If there is additional reason to suspect, beyond an individual complain, then the procedures probably mandate that the investigation continue to its conclusion. The specific procedure at my former institution was that every administrator (chair, dean, provost) has the power to terminate an investigation, and those recommendations are influenced by various committees (e.g. the Faculty Hearing Committee, which evaluates the evidence presented to it). The committee has ad hoc discretion to dismiss, or to recommend sanctions (there were no concrete guidance documents / rules).

There is no general rule that an institution must cancel a grievance procedure in response to a petition by the allegedly aggrieved person. There is a bit of reason to hold that they should not do so, because ignoring complaints pertaining to protected class status can be very serious. So if there is a complaint alleging sexual discrimination, the university must respond appropriately lest a "pattern" of discrimination develop, which has very negative financial consequences.

As you describe it, you did not actually initiate a formal grievance process, so you cannot retract one. You can deny / retract a prior allegation, which may or may not affect an official procedure if one had been initiated.

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  • My complaint involved a "curt" email tone and a subtle fluctuation in her tone during one in-person encounter. The problem, however, is that I mentioned experiencing significant distress from these communications and seeking therapy because of them. At the time, however, my anxiety was already out of control, and I overreacted when I thought she was upset with me (based on my perception of her "curt" email). Admin. assured me that she didn't suffer and that there's no record of the complaint, but that contradicts the chair's email. – Gemini May 29 at 0:27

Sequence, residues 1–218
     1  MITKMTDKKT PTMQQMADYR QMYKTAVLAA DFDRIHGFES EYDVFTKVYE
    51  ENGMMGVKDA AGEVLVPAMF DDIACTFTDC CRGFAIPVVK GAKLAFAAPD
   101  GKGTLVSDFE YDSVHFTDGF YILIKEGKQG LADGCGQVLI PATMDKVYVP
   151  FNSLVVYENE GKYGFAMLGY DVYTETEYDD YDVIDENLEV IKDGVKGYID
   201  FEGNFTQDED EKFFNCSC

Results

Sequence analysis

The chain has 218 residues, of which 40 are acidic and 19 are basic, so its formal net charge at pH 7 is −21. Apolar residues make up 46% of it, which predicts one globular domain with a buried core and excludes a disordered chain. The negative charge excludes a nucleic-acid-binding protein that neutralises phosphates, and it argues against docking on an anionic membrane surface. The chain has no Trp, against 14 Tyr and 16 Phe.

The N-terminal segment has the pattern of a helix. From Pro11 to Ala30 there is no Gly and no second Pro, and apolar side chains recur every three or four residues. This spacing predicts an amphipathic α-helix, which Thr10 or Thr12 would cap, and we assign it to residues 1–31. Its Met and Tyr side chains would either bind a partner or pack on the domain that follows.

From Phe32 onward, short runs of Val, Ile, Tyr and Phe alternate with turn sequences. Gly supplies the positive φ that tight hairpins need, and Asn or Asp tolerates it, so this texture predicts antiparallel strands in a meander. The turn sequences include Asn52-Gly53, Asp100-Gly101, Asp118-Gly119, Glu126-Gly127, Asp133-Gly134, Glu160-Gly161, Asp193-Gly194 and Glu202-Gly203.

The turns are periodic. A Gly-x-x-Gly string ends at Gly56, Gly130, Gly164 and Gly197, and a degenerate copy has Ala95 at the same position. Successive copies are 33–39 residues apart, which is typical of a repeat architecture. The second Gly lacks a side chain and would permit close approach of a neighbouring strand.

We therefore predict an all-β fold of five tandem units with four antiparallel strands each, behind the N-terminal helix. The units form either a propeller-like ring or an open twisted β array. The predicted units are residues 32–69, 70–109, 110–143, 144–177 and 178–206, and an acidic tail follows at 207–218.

• Also, did he mishandle this by not meeting with prior to initiating an investigation? Typically, students are instructed to try to resolve the issue with the faculty member before making an official complaint, but he never did that. This all stemmed from a minor miscommunication... – Gemini May 29 at 0:32
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    Well, my answer is about the legal issue, not the interpersonal relationship problem. There's no law against being a jerk. – user6726 May 29 at 0:53
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    @Gemini Stack Exchange has an interpersonal site if you want to ask that sort of question. You might also get some useful answers on academia. We just do law here. – Dale M May 29 at 6:19